As the Senate reconvenes to debate the cybersecurity bill, President Obama himself has set the stakes in terms of preventing a future catastrophic attack. But some say the real and present danger is what’s happening under our noses right now, in an online theft of intellectual property that Cyber Command chief Gen. Keith Alexander called “the greatest transfer of wealth in history.”
“Don’t wait for something to go boom. It’s happening and it’s happening quietly right now,” said David Smith, director of the Potomac Institute’s Cyber Security Center, in an interview with Breaking Defense. “I don’t think they’re nibbling around the edges; I think the rat’s eating your sandwich.”
While Chinese threats have gotten the most attention, the rat in the kitchen is just as likely to be Russian, said Smith, a former ambassador who worked on arms control negotiations with the then-Soviet Union and who now spends about half his time in the former Soviet republic of Georgia, which suffered a Russian cyberattack alongside a conventional invasion in 2008. The Russians have a well-educated population with computer skills and a thriving underworld with government contacts, so the Kremlin can mobilize legions of online scammers as “a vast cyber reserve force” for online campaigns, Smith said, pointing to the attacks on Georgia and on Estonia in 2007.
“The difference is the Russians don’t get caught” as often as the Chinese, Smith said. But hackers from both countries are going after American intellectual property on a grand scale that goes beyond individual larceny to a national strategy.
“What you have underway right now is systematic espionage against the United States,” said Smith. “This is not intelligence agencies stealing this or that secret, this is not industrial espionage where some company in another country wants to get the process for something or other. We’re talking about a systematic effort to equalize the technology edge that the United States enjoys over every other country in the world by stealing US intellectual property…. This is strategic.”
It’s not that the President’s catastrophic scenario of a “cyber Pearl Harbor” is impossible, said Smith. We’re not likely to see a real-life version of the movie Live Free or Die Hard, “where we have buses hitting something and flying up in the air and hitting helicopters — that’s a little far fetched,” Smith said. “[But] clearly there are possibilities for attacks on industrial control systems that could wreak a lot of havoc.”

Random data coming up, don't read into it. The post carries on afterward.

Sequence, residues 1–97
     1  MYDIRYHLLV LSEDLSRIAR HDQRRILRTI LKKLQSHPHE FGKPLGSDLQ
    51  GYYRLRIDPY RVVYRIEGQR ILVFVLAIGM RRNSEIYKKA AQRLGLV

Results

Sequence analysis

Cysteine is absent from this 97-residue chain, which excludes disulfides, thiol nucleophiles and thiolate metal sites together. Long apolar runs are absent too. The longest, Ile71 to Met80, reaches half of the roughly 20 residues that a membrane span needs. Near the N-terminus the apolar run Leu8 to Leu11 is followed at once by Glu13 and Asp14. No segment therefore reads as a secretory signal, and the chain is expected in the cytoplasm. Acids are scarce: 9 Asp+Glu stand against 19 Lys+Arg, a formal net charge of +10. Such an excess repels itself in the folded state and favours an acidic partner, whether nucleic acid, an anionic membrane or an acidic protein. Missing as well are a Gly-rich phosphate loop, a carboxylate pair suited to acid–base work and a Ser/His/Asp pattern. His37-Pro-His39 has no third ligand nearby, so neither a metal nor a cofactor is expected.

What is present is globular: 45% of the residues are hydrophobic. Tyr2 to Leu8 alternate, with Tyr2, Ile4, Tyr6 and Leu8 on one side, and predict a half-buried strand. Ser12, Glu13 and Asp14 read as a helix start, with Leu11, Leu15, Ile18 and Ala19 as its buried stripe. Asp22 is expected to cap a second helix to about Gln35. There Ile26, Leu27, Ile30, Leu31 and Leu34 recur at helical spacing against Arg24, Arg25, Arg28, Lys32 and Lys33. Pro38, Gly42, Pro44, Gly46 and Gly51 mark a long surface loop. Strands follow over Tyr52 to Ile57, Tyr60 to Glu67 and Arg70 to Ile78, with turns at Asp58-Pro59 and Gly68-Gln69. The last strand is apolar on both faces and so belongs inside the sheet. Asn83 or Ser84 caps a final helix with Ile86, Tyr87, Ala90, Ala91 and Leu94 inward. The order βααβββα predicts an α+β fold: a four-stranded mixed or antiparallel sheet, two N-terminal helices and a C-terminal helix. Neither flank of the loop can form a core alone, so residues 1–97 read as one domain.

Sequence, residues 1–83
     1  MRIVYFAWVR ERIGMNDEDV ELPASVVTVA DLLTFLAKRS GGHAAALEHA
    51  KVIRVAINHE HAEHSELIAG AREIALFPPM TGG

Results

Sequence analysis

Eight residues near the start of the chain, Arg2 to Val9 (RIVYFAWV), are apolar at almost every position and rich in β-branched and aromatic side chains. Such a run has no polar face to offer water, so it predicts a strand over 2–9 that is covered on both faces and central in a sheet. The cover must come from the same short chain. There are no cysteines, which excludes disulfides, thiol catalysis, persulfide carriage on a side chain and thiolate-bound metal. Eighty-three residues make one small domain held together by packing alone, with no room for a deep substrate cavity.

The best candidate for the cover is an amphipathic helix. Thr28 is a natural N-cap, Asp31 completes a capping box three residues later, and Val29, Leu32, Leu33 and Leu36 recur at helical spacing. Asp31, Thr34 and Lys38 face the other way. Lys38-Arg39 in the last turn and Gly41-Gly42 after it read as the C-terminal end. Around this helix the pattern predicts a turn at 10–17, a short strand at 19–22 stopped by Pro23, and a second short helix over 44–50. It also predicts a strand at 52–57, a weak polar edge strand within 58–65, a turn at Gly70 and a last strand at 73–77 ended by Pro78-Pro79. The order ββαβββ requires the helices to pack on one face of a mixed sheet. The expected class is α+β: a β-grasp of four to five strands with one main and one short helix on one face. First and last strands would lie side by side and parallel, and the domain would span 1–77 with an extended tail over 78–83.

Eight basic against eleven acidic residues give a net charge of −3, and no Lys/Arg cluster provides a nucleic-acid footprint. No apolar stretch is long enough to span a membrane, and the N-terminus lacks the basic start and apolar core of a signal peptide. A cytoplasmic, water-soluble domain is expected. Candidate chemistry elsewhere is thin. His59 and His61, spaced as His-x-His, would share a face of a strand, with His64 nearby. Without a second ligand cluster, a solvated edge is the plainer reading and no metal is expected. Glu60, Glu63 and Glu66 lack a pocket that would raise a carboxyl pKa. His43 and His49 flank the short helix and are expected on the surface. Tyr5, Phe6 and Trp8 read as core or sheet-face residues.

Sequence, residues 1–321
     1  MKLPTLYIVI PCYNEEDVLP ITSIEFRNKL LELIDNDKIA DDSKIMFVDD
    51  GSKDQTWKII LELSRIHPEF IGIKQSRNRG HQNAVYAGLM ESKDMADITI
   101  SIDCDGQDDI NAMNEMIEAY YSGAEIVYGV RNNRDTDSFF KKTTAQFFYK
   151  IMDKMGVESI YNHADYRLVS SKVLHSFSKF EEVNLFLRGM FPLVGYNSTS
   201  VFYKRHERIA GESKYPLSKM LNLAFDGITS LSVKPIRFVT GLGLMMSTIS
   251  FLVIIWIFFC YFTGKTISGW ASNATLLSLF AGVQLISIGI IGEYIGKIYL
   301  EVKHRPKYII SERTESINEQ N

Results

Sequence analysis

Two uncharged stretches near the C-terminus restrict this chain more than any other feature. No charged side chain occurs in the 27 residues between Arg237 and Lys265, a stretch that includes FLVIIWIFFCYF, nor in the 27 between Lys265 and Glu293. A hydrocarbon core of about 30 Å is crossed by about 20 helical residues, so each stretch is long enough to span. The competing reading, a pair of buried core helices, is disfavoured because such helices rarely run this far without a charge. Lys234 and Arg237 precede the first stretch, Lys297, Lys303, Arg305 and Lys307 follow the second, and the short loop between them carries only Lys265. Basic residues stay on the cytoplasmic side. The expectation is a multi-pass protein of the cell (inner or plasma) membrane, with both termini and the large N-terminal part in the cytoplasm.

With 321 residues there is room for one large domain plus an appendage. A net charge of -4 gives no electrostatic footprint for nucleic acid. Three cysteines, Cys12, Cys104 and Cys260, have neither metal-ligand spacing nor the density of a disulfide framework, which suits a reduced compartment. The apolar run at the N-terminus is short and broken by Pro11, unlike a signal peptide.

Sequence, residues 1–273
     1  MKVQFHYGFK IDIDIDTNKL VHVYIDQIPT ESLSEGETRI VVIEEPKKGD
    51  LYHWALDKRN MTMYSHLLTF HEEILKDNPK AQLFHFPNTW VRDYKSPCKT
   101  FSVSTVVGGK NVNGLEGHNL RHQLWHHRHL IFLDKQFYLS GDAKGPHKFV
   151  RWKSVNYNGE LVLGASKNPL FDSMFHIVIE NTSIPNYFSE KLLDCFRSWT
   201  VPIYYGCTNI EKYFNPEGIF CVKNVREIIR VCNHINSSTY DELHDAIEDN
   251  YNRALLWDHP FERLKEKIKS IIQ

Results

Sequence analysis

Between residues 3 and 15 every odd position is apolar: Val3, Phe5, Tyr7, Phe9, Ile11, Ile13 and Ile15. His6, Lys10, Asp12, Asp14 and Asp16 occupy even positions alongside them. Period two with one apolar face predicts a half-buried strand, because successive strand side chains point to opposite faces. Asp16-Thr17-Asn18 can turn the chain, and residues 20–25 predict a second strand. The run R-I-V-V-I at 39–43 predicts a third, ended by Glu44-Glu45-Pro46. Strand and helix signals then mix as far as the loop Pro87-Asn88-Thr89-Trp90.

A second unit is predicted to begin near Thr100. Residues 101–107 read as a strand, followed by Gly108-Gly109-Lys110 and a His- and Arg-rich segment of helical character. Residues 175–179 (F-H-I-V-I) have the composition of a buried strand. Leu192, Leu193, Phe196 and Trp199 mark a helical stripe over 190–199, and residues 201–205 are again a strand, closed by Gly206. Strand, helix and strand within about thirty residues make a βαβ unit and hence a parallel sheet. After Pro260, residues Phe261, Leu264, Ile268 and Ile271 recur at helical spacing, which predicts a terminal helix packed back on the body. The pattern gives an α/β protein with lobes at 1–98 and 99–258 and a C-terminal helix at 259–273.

The nightmare scenario that hackers might derail trains, erase bank accounts, or shut down the power grid is a lot easier to visualize — and a lot easier to mobilize people to take action about — than the subtler threat of mass theft of intellectual property. But like the proverbial frog that won’t jump out of water slowly coming to a boil, a threat you don’t notice can still kill you.
The conceptual problem is that the cyber threat turns centuries of assumptions about public and private roles in national security upside down, Smith said. Historically, if foreign adversaries wanted to steal something from your home or place of business, they had to fight through your country’s armies and navies, or at least break down your city wall, before they could pillage civilians. In our brave new world of interconnection, a cyber attacker can access civilian systems directly — and once he’s in one company’s network, he can use it to attack the next.
“It’s not only your business” that’s at stake in how well you secure your company’s network, Smith said. “There’s a national security issue…. The United States of America might be attacked through you.”
So when a business makes decisions about cybersecurity, there’s far more than its own balance sheet potentially at stake. But both business and government always struggled to handle such “externalities” — witness all the attempts to regulate pollution. When the Lieberman-Collins bill first came out, said Smith, “that was kind of the reaction of the business community, here we go again”: more regulation imposing more costs on private companies for public ends. That bill has been heavily revised, in large part thanks to the behind-the-scenes efforts of the conservative Sen. Jon Kyl and the liberal Sen. Sheldon Whitehouse, and Smith thinks it now represents a major step forward towards a solution — if it becomes law. “A bill going to the floor of the Senate has many steps to go,” Smith noted, “[and] there’s really not a conferenceable bill on the House side.”
Whatever the final balance between mandates and incentives to get businesses to act, Smith said, it’s clear that private industry, not the government, must play the leading role in cybersecurity. “I don’t think you want the government interposing itself [and] monitoring your networks,” he said — even if it could: “I don’t think it would work even if it were a good idea, and it’s not a good idea,” he said. “We’re not talking about inspecting meat packing plants here,” or any other circumscribed regulatory problem, he said, but literally millions of systems that interconnect and penetrate into every area of civilian life. To defend that vast web, said Smith, “we’ve got to pull together in a new way.”